New food insecurity data show level of need in Rochester, other communities

 

Newly released food insecurity statistics illustrate an overwhelming level of need within the City of Rochester, where many residents live in a household that struggles to feed everyone enough nutritious food.

Feeding America’s annual Map the Meal Gap report¹, which studies food insecurity across the country, publishes its findings each spring and distributes it to all member food banks. The data, culled from 2016 — the most recent year available — is presented by county, Congressional district, and by each food bank’s service area. For example, the overall food-insecurity rate for Foodlink’s 10-county region is 11.7 percent (147,420 people), and the child food insecurity rate in that same region is 18.3% (48,960 children).

Foodlink, with support from Common Ground Health, sought sub-county data this year for the first time to better understand the needs of various communities, particularly the City of Rochester. The elevated need in large cities such as Rochester, and smaller cities such as Geneva and Batavia, were often masked behind county-level statistics for Monroe, Ontario and Genesee counties, respectively.   

More from Common Ground Health: The food and health connection

Feeding America: The Map the Meal Gap report

In Rochester, three zip codes were among the state’s highest food-insecure communities (see table below). In 14608, 40.6 percent of residents are food-insecure — second highest in the state behind the 13202 zip code in downtown Syracuse. Two other Rochester zip codes cracked the top 10, with 14605 measuring at 34.8% and 14611 measuring at 34.3% — fifth and seventh, respectively. 

“Rochester’s food-insecurity rates were by no means surprising,” said Foodlink Executive Director Julia Tedesco. “They are illustrative of the deep connection between poverty and hunger and reveal that there is much work to be done by Foodlink and other mission-based organizations to eradicate both.”

Of all the metro areas in the state, Rochester’s collective food-insecurity rate was highest at 25.9%. Syracuse (24.8) and Buffalo (24%) were not far behind. A few rural communities also showed high food-insecure rates. The zip code 14480 (Lakeville, Livingston County) at the north end of Conesus Lake was 30.7%, albeit with a small sample size of 808 residents. The zip code 14802 (Alfred, Allegany County) was 24.5%.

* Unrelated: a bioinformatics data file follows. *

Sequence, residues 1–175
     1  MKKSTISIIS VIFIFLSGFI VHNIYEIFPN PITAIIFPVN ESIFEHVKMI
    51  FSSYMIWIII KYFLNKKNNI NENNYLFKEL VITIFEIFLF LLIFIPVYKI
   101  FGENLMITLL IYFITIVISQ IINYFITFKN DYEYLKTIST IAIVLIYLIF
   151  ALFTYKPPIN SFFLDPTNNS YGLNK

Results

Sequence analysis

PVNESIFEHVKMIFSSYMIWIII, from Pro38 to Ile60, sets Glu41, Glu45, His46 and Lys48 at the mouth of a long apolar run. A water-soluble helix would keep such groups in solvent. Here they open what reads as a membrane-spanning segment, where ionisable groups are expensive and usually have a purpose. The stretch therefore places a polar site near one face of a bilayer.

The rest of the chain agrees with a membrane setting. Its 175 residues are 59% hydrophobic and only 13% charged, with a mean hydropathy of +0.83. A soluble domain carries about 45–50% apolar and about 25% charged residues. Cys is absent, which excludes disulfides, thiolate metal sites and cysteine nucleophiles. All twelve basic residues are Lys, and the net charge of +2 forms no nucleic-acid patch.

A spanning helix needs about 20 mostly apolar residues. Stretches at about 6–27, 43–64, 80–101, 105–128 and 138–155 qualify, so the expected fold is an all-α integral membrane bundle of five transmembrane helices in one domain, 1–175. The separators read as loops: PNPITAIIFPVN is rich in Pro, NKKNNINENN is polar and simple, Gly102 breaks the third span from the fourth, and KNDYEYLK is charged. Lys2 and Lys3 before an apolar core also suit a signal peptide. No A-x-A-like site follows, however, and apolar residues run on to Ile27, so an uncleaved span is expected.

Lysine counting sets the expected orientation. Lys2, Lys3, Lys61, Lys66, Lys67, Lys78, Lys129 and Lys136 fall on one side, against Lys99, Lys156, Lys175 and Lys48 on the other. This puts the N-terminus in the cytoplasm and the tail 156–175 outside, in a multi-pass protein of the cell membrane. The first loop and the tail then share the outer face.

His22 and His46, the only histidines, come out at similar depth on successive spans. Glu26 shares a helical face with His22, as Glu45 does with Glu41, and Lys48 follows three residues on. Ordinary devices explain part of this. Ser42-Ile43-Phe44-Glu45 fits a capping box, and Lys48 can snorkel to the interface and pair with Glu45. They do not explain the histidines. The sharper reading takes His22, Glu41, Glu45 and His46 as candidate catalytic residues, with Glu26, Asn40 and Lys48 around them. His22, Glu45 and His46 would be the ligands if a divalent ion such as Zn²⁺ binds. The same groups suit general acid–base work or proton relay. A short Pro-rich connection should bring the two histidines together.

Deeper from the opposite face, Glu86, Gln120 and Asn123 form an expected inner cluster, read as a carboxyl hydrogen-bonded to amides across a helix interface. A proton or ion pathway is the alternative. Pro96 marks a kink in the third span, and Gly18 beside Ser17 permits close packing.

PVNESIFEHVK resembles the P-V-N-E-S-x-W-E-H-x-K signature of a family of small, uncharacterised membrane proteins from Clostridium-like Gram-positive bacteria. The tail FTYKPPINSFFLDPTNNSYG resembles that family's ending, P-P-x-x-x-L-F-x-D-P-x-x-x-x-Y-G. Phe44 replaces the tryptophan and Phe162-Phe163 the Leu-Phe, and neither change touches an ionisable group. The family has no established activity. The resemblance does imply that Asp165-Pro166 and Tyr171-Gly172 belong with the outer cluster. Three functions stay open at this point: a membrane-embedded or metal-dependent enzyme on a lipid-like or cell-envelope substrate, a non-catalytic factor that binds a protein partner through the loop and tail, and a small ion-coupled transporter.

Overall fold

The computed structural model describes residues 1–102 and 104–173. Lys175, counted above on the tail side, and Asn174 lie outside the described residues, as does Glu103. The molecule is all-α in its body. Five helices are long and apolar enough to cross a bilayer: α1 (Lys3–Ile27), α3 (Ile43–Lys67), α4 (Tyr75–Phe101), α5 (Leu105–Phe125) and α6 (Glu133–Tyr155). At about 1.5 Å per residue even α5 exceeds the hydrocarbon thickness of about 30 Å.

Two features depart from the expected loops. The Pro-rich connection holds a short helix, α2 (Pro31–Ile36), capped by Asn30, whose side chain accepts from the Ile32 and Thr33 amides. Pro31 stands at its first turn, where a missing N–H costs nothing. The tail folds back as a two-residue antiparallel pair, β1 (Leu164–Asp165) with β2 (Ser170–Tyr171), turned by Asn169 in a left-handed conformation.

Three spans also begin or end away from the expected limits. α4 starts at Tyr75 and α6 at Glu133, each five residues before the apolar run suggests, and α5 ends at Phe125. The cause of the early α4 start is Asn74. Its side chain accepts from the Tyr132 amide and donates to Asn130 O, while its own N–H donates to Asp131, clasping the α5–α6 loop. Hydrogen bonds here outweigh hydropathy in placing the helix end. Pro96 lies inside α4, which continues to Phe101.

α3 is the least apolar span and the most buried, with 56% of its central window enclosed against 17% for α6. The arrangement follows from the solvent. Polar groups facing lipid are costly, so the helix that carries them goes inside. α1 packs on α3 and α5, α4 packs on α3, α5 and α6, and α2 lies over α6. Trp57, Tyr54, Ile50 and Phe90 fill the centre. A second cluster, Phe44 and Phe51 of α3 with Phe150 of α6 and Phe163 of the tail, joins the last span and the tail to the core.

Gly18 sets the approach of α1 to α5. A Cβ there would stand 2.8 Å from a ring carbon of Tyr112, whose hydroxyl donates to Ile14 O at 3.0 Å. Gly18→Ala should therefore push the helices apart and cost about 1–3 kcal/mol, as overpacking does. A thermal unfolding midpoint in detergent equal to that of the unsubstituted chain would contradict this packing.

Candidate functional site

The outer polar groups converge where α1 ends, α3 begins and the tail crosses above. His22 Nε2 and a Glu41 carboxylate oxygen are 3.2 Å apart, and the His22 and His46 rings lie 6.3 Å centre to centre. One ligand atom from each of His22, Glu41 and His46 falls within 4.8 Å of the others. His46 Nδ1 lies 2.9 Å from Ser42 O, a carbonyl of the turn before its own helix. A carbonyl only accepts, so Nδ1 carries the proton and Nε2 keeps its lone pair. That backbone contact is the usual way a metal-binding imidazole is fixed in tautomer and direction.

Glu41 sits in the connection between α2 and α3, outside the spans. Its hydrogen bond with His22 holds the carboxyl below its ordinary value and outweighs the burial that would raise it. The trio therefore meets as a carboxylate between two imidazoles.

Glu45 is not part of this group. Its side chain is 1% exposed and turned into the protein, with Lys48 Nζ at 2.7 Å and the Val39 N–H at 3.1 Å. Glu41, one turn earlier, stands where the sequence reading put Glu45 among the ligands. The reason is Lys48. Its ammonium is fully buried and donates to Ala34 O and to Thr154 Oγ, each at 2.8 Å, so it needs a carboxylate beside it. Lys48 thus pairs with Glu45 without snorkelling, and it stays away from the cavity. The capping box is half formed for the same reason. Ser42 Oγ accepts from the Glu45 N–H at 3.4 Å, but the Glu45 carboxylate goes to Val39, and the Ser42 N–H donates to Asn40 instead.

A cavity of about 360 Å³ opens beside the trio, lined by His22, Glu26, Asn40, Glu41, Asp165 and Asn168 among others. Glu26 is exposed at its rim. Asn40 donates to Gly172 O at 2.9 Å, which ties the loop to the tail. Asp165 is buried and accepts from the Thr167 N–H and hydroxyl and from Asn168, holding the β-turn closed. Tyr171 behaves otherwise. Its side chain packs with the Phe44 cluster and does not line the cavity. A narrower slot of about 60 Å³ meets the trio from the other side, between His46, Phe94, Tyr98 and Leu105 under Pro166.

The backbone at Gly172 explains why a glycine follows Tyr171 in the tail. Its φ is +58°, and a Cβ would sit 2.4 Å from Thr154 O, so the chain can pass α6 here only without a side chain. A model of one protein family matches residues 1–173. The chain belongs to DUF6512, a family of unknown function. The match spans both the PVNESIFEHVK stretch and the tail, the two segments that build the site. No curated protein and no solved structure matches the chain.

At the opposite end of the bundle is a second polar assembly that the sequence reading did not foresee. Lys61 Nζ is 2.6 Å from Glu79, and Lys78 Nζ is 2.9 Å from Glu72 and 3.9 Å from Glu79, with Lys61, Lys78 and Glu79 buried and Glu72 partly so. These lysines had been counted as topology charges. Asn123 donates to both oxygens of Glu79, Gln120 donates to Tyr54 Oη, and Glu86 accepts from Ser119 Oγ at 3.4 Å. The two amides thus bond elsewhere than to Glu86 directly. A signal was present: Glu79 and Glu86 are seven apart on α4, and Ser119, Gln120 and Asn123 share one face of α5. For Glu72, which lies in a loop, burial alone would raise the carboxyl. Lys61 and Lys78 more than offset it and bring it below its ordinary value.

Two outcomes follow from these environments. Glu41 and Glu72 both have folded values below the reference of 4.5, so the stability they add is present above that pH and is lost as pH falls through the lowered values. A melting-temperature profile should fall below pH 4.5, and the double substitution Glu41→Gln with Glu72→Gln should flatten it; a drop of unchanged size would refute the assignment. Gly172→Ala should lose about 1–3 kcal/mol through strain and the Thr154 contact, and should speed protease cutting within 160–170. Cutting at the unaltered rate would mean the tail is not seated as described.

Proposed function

On the county level, all 10 counties saw improvements in their food-insecurity rates, as the overall rate dropped from 12.4% to 11.7%. Monroe County had the highest food-insecurity rate at 12.5%, which translates to 1 out of every 8 people. The county with the highest child food insecurity rate remained Allegany County at 22.4%. Ontario County possesses the lowest overall and child food-insecurity rates among the 10 counties, at 9.2 and 16.2, respectively. 

Researchers derived food-insecurity estimates by examining data for unemployment, poverty, median income and home ownership using the American Community Survey’s 5-year estimates (2012-2016). 

Highest food insecurity (FI) zip codes in New York:

 

 

County statistics (FI = overall food insecurity; CFI = child food insecurity)

Congressional District statistics:


¹ Gundersen, C., A. Dewey, A. Crumbaugh, M. Kato & E. Engelhard. Map the Meal Gap 2018: A Report on County and Congressional District Food Insecurity and County Food Cost in the United States in 2016. Feeding America, 2018.

 

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